Use this URL to cite or link to this record in EThOS: https://ethos.bl.uk/OrderDetails.do?uin=uk.bl.ethos.811710
Title: Media management and disruptive technology : the Nigerian newspaper industry today
Author: Omenugha, Nelson
Awarding Body: University of Liverpool
Current Institution: University of Liverpool
Date of Award: 2020
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Abstract:
New media technologies have brought about radical changes in the contemporary mass communication landscape. An important aspect of these changes which is currently provoking much interest concerns how these technologies are redefining and disrupting the operations, ethos and tastes of the old media, thus challenging the future of the traditional media institution. The Nigerian newspaper industry, like others elsewhere, is caught up in this new reality as new media technologies and the attendant alternative news sources increasingly gain footing in the country. This study, therefore, examines how newspaper managers in Nigeria, to secure their future in the new dispensation, have been responding to these urgent challenges posed by new media technologies. The research is anchored within various theories: Technological Determinism (TD), Disruptive Technology (DT), Diffusion of Innovation and Technology Acceptance Model (TAM) and puts forward the “Techno-Human Dynamism” model, as it seeks answer to the main research question: What are the observable trends in the management of Nigerian newspapers at a time when new media technologies are posing a challenge to the survival of traditional newspapers? Adopting a mixed qualitative research approach - Key Informant Interview (KII) and Focus Group Discussion (FGD), the study focuses on four major Nigerian daily newspapers - The Sun, The Nation, The Daily Trust and The Daily Times - as well as the newspaper readers of these daily newspapers. Three managerial personnel of each of the selected newspapers were interviewed, while Focus Group Discussion (FGD) of four sessions comprising six discussants each were conducted among newspaper readers in each of four purposively selected cities - Aroma junction (Awka, Anambra), Ojota junction (Ikeja, Lagos), Sky Memorial junction (Wuse, Abuja) and Rumukoro junction (Port Harcourt, Rivers) - across the country. Employing the thematic method of data analysis, the study found that Nigerian newspapers, like their counterparts elsewhere, are already experiencing the disruptive impact of new media technologies in all major areas of their operations including content, human resources and revenue. These disruptive impacts appear to be strengthening rather than merely weakening the newspaper organisations. The newspapers in response to them have become more creative, more ethical - volatising factual, accurate, investigative and analytical reporting. These are issues that had hitherto posed huge ethical concerns about Nigerian journalism. Moreover, the hybridization (integration) of the new and old media as one of the coping strategies seems to add further strength to the newspapers as they poach on the strengths of the new media to complement the weaknesses of the old. However, the newspaper managers still have some latitude to secure the future of the industry given the untapped potential of the industry both in the traditional and online sense. The study recommended that Nigerian newspapers should endeavour to keep pace with the technological innovations driving today’s newspaper industry while boldly considering other response strategies that have worked elsewhere - including journalistic cooperatives, mergers and conglomeration - towards arresting the dwindling fortunes of the industry.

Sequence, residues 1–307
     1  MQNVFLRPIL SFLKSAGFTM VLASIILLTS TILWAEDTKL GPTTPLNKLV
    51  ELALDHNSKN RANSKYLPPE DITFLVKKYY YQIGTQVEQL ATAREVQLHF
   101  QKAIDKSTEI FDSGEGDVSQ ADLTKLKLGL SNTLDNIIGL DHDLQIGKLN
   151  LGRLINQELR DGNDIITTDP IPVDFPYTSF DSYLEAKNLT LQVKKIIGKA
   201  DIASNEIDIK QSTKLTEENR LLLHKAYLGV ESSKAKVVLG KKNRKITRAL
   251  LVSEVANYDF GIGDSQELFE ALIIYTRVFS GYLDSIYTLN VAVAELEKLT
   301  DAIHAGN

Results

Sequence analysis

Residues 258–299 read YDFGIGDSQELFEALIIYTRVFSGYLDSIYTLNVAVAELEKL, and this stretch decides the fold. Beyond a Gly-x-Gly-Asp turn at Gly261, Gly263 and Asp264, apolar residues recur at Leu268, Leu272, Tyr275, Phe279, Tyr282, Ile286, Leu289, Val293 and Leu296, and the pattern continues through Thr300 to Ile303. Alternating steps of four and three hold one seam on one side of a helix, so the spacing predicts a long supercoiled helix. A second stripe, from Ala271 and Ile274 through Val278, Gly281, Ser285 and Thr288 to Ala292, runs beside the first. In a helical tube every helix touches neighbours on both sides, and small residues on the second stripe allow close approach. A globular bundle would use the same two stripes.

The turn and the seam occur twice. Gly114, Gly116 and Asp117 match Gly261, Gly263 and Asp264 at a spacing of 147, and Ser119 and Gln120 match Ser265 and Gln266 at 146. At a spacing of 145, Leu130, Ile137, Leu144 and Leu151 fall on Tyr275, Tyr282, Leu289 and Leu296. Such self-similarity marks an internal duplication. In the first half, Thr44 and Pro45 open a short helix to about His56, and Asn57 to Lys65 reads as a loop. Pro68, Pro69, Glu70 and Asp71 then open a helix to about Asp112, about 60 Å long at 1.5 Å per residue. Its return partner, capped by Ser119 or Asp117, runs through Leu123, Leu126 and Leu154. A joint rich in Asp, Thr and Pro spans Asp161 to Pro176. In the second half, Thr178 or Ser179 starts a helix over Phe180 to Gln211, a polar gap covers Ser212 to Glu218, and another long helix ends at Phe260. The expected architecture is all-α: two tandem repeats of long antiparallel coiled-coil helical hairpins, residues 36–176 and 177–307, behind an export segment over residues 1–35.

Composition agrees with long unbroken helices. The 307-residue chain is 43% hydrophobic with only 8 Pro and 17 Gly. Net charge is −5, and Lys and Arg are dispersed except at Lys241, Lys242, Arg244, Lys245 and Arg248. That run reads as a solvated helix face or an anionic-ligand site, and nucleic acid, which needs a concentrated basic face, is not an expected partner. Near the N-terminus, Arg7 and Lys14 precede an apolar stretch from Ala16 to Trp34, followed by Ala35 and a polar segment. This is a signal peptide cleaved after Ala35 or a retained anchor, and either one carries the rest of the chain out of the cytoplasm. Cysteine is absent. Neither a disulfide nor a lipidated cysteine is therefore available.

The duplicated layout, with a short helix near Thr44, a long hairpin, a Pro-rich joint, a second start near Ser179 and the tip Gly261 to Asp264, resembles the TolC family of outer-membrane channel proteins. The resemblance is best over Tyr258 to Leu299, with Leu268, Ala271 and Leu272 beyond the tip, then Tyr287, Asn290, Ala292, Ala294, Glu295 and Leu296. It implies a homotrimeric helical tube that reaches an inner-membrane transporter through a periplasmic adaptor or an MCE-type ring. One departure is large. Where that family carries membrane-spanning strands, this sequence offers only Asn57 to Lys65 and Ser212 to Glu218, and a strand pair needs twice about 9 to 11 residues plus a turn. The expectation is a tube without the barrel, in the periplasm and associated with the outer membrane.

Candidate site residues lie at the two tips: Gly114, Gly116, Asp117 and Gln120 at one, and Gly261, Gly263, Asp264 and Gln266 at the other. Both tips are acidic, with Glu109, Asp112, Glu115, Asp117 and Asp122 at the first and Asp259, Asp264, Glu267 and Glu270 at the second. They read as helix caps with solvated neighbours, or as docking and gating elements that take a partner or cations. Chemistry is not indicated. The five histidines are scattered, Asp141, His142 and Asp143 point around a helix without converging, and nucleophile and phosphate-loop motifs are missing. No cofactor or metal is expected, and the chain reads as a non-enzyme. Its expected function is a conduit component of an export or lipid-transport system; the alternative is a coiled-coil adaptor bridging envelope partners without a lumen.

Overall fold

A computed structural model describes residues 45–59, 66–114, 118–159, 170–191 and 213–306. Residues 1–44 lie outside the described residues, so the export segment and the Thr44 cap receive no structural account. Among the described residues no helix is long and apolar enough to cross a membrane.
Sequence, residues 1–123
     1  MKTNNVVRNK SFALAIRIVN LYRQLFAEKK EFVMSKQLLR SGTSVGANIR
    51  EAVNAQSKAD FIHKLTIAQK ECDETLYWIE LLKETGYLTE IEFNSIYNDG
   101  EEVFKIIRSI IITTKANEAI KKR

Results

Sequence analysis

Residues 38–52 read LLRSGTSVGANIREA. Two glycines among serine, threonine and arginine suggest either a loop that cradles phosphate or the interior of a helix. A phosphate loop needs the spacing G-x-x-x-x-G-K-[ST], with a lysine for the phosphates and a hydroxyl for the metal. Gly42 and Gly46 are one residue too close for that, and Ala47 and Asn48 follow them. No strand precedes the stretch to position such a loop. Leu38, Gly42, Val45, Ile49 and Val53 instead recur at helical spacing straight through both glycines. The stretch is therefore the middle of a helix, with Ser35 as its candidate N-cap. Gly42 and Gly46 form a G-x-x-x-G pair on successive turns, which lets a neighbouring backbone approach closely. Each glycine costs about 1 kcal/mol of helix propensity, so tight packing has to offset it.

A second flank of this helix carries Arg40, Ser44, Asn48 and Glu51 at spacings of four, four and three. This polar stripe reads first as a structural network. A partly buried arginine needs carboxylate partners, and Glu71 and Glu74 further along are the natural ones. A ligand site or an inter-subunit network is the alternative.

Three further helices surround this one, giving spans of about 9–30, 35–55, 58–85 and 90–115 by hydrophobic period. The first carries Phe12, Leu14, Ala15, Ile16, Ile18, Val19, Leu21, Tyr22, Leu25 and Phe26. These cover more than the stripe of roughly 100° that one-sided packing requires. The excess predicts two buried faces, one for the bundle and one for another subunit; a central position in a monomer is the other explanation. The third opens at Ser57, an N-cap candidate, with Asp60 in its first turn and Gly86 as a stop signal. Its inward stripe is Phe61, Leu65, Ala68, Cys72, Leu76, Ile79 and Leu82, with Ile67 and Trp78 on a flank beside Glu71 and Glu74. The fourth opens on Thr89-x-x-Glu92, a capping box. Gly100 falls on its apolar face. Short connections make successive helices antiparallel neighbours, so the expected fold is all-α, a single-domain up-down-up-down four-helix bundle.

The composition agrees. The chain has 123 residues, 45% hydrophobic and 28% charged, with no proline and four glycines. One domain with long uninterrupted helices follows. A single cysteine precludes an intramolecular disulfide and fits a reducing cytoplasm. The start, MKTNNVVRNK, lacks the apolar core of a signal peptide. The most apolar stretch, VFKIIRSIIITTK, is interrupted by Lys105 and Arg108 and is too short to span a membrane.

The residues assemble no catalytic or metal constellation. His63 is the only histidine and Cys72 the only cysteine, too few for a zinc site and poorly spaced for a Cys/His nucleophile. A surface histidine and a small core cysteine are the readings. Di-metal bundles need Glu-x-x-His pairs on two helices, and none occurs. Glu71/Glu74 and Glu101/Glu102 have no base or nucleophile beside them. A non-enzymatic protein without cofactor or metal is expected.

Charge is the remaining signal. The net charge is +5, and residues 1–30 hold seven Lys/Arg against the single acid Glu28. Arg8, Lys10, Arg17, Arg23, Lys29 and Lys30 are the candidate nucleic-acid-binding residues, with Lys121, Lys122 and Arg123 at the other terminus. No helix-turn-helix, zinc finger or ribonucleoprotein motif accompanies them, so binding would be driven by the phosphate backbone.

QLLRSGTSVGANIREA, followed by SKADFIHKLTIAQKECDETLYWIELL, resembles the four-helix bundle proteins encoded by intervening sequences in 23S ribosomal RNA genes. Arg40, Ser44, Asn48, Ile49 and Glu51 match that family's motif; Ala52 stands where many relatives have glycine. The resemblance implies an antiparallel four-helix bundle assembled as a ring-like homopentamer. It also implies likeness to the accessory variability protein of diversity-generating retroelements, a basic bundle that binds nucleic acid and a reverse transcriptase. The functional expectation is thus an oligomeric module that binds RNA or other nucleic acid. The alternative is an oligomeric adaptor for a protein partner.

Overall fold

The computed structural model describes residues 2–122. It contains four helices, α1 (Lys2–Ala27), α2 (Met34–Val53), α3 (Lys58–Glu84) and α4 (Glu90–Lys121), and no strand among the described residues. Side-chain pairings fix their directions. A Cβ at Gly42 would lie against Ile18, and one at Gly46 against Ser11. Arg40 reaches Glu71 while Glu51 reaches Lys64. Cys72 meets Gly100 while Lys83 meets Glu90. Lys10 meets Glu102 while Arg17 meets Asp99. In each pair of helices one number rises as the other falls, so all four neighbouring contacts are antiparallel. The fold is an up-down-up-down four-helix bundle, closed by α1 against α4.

Supervisor: Not available Sponsor: Not available
Qualification Name: Thesis (Ph.D.) Qualification Level: Doctoral
EThOS ID: uk.bl.ethos.811710  DOI:
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